EDITOR NOTE: We all experienced grocery item shortages in the wake of the Great Lockdown, from toilet paper, to certain foods, to coin shortages. People were hoarding certain items amid major supply chain disruptions. This imbalance drove up the price of certain items, like food, for instance. According to the author below, we’re not out of the woods yet. More supply chain disruptions lay ahead; more food shortages to come; and, as anyone would expect, this imbalance between supply and demand will, once again, drive up food costs.
2020 has been a wild year with one crisis after another but the top trends forecaster in the world just warned people to expect more food shortages and higher prices, but the crisis will be far worse than people realize.
Supply Chain Disruptions Are Everywhere
Evidence of supply chain disruptions are everywhere consumers look… except the mainstream news. The unprecedented “shelter-in-place” rules imposed by governments to fight the COVID War have not only crippled the livelihoods of hundreds of millions across the globe and destroyed the businesses of countless millions, they also have crushed many sectors of the economy.
The international lockdown restrictions have disrupted the flow of raw materials, component parts, and finished goods. The widespread shortages, coupled with the creation of trillions of dollars of devalued digital cash backed by nothing and printed on nothing will lead to higher prices…
Going to the Store
Across the country and around the world, there have been sporadic shortages at local grocery stores of “essential” items since the lockdowns were imposed. The first scarcity many shoppers noticed was that toilet paper isles had been wiped clean, and many common household cleaning products were unobtainable.
As more people stayed home, afraid to go out, the shortages spread to the food sector where many canned goods were in short supply as were some dairy and meat products. At the onset of the lockdowns, dairy farmers were forced to dump milk down the drain, cattle ranchers were forced to slaughter livestock, and meatpacking facilities were closed down due to positive coronavirus tests.
While reports of new cases continue to make headline news, “essential” businesses, i.e., liquor stores, Walmart, Target, Home Depot, Amazon, etc., where cases also rose, barely make the news and were permitted to do business as usual while small businesses deemed “unessential” were forced to stay locked down.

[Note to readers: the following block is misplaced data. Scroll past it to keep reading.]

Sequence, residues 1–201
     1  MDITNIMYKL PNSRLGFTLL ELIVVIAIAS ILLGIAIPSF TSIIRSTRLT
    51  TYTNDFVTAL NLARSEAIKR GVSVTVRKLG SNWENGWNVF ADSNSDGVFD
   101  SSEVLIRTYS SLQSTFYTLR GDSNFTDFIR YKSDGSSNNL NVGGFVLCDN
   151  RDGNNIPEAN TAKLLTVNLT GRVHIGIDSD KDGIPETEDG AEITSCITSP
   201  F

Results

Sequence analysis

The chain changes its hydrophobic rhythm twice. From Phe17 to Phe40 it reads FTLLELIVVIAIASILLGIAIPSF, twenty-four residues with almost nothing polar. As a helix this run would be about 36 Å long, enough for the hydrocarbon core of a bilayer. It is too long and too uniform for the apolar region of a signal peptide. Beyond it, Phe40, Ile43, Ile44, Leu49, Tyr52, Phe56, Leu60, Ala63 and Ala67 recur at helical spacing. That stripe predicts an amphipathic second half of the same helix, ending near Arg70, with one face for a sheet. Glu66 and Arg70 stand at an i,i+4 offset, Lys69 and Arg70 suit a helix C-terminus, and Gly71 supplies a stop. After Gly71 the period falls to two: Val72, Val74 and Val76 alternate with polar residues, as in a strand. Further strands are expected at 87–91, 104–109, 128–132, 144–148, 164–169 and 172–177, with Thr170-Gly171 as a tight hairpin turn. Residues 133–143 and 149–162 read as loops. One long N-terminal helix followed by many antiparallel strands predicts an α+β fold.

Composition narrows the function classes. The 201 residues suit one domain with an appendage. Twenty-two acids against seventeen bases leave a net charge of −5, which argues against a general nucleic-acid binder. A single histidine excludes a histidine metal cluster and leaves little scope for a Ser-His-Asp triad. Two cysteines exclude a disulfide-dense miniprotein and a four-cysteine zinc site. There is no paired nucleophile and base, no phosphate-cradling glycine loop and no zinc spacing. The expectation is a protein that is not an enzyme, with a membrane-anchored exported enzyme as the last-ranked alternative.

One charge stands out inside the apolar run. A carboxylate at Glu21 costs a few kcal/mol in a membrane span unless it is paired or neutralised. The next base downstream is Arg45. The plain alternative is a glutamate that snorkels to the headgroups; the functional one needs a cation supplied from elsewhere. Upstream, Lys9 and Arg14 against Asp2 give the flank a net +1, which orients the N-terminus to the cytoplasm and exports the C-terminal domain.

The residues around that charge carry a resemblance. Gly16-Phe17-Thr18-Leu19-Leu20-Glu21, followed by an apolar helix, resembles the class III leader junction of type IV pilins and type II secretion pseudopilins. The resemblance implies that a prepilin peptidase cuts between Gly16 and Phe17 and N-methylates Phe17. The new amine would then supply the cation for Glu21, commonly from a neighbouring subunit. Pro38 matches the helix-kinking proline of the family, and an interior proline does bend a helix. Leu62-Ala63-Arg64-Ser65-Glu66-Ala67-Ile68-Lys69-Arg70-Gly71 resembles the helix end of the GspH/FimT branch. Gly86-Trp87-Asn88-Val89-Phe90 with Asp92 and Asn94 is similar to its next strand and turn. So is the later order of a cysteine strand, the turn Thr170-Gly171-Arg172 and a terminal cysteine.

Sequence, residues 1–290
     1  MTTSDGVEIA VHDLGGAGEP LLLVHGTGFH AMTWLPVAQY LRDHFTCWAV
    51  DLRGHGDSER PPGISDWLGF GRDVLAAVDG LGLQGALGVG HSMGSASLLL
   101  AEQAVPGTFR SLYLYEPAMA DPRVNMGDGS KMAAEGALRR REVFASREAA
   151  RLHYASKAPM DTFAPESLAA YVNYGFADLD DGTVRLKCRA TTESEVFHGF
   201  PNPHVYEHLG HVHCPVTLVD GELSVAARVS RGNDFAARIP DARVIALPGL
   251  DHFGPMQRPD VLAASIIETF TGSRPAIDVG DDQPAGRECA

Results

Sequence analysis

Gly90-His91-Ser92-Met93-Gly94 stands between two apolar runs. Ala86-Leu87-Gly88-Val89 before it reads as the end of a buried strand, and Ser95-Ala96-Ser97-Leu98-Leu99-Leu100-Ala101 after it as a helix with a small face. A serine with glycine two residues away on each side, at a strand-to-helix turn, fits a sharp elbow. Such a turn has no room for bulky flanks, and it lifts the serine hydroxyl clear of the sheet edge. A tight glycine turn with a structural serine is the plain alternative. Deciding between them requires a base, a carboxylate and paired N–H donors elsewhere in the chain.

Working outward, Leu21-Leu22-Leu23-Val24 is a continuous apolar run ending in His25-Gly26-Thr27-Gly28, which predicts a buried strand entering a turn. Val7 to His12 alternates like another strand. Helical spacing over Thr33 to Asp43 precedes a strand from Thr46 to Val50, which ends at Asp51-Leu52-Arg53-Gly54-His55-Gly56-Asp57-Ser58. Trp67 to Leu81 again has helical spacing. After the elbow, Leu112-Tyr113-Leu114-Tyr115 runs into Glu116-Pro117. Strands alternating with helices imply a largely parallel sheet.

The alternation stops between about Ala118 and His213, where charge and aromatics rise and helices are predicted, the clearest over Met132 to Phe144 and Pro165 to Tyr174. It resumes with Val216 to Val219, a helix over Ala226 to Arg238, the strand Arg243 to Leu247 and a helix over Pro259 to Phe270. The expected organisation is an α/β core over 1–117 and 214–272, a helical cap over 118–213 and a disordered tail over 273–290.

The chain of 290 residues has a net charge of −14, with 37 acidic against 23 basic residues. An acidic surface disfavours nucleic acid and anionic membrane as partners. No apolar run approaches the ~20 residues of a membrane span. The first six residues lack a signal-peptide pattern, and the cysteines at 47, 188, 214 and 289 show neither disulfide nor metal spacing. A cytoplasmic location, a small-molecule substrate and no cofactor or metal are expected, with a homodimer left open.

Thus, the economic devastation, particularly in the food, hospitality, events, tourism, and restaurant sectors will further widen the gap between rich and average citizen, while the big businesses grow bigger and smaller ones disappear.
Nature’s Wild Card
Making matters worse, weather-related disasters around the world have put an additional strain on food resources that were already in relatively short supply.
In the U.S., California fires are threatening the Central Valley, one of the nation’s most productive food regions. Iowa and the Midwest were recently devastated by a derecho (a large storm with high winds), which damaged countless acres of corn as well as grain elevators and silos.
In the U.K, the country is expecting the lowest wheat harvest in decades due to cool temperatures. Sheep are freezing in Patagonia; the rice fields of Bangladesh are flooded; and, across the globe, farmers and livestock producers are expecting below average yields due to Mother Nature.
Food prices, especially meat products, already are rising in many locations. Expect food prices to further increase and future shortages to become more common as the food supply chain suffers continued attacks from an invisible enemy.
Shortages are also plaguing other sectors. International disruptions in raw materials and component parts have stalled automobile manufacturers and have put the brakes on bicycle production. Essential building materials are also in short supply: pressurized lumber is being squeezed while the supply of standard screws has tightened considerably.
The nationwide shortages pertaining to essential goods have stoked fears of civil unrest, which has triggered a dramatic increase in demand for guns and ammunition. This increased demand has overwhelmed the firearms sector as new demand has outstripped the supply.
Prices generally rise for two reasons: the creation of additional currency or curtailment in the supply of goods and services. We are currently experiencing both: an increase in the currency supply as well as a reduction in goods and services… the result of which will be an increase in prices – inflation.
Although the outlined information above is alarming, perhaps the most alarming shortage is the near complete absence of honesty and morality in the media, government, academia, and medical community. These entities acted in lockstep to foment the narrative of a worldwide pandemic that has resulted in the destruction of the global economy.
There appears to be a dearth of courage and common sense among citizens around the world. As I see it, the only solution to salvage society is to increase the number of critical thinkers.
Originally posted on King World News